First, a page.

Expected init-declarator compiler-error with G++

Dear fellow programmers,

I fail to get a typedef in a template class to compile, when using G++ 3.4.4 (compiled with 'g++ UnitMyClass.cpp'). But when I use C++ Builder 6's compiler (BCC32) it compiles successfully.

Below are the simplified code and error messages. Note that I already try to tackle the problem with four different syntaxes.

Google didn't give me the answer, I hope you will.

Thanks in advance, Bilderbikkel

[code]
//UnitMyClass.cpp
#include "UnitMyClass.h"
[/code]

[code]
//UnitMyClass.h
#include


template struct MyClass
{
typedef T value_type;
void MyMethod_1() const
{
typedef std::map::const_iterator Iter;
}
void MyMethod_2() const
{
typedef std::map::const_iterator Iter;
}
void MyMethod_3(const T& t) const
{
typedef std::map::const_iterator Iter;
}
void MyMethod_4(const T& t) const
{
typedef std::map::const_iterator Iter;
}
};
[/code]

The errors (for each version of MyMethod) are:
[code]
$ g++ UnitStorage.cpp
In file included from UnitStorage.cpp:5:
UnitStorage.h: In member function `void MyClass::MyMethod_1() const':
UnitStorage.h:15: error: expected init-declarator before "Iter"
UnitStorage.h:15: error: expected `,' or `;' before "Iter"
[/code]

Comments

  • Surprisingly I actually knew that one!

    It's because of GCC being strict with the standard and Borland ain't. You gotta write

    typedef typename std::map::const_iterator Iter;

    However, I don't enough of the C++ standard to explain the details of that.
  • It works! Thanks Lundin!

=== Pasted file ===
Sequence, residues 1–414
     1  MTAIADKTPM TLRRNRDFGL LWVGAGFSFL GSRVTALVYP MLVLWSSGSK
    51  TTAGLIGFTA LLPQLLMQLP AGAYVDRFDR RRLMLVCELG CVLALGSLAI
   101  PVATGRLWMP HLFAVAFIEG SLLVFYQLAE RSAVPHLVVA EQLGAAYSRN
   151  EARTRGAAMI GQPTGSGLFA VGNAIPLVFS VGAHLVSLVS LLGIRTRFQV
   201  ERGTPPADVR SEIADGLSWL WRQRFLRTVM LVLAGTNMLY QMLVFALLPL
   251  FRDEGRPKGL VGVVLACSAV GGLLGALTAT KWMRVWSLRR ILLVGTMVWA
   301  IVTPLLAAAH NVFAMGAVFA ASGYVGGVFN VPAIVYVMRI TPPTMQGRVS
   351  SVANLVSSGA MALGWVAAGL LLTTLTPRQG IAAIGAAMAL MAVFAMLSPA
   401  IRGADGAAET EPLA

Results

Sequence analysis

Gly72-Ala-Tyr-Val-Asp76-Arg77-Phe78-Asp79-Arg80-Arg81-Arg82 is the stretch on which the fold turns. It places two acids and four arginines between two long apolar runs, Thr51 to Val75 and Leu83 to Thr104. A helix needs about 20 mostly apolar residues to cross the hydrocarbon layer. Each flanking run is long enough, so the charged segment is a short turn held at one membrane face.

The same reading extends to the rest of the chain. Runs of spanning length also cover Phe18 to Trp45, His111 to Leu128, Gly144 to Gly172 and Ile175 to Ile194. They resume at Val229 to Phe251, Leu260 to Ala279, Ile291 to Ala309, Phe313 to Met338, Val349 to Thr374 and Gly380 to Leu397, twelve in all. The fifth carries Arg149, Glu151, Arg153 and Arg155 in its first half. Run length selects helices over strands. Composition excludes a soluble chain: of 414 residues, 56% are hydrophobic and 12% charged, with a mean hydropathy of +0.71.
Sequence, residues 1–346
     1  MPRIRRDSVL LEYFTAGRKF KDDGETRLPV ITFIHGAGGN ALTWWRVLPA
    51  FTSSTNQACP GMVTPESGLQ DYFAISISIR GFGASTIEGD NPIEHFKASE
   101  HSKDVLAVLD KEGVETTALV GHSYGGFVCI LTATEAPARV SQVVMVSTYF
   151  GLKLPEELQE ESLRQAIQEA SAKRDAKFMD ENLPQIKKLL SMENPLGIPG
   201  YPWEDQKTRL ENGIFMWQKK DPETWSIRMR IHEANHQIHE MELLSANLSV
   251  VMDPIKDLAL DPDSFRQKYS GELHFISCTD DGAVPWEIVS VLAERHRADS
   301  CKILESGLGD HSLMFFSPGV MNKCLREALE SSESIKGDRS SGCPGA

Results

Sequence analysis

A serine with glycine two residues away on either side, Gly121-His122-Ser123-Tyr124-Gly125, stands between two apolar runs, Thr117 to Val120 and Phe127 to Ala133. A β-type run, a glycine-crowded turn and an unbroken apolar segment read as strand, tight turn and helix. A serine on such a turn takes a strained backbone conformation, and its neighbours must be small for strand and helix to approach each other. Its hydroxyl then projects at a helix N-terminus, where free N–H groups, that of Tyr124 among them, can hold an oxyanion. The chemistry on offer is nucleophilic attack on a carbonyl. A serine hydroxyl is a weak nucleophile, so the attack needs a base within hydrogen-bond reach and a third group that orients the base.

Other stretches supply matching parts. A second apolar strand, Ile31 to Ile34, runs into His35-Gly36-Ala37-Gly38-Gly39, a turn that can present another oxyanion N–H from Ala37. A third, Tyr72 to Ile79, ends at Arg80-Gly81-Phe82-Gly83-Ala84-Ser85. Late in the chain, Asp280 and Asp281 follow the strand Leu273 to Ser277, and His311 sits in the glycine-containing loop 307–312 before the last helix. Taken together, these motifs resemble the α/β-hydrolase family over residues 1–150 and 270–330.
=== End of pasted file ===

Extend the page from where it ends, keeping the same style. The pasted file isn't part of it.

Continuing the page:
See ya, Bilderbikkel
  • The reason is that these typedefs appears in a place where the compiler is uncapable to know what ::const_iterator is.

    The compiler must parse, before any instantiation (before any substitution of the template parameter T), the template MyClass to search syntax errors among other things, but, at that time, since T has no value, the compiler cannot instantiate std::map<T, double>, and thus, it has no means to know what is inside it.

    Keep in mind that each different instantiation of a same template could contain totally diferent things. For example, map<int, double>::const_iterator could be a typedef, but map<double, double>::const_iterator could be a static or constant variable, or the name of a function, or an enum constant (we know that it is a type, but the compiler doesn't).

    So, you have to tell the compiler that what you are expecting is a type, with the keyword typename as Lundin said, because otherwise, it treats your sentence as an expression instead of as a declaration.

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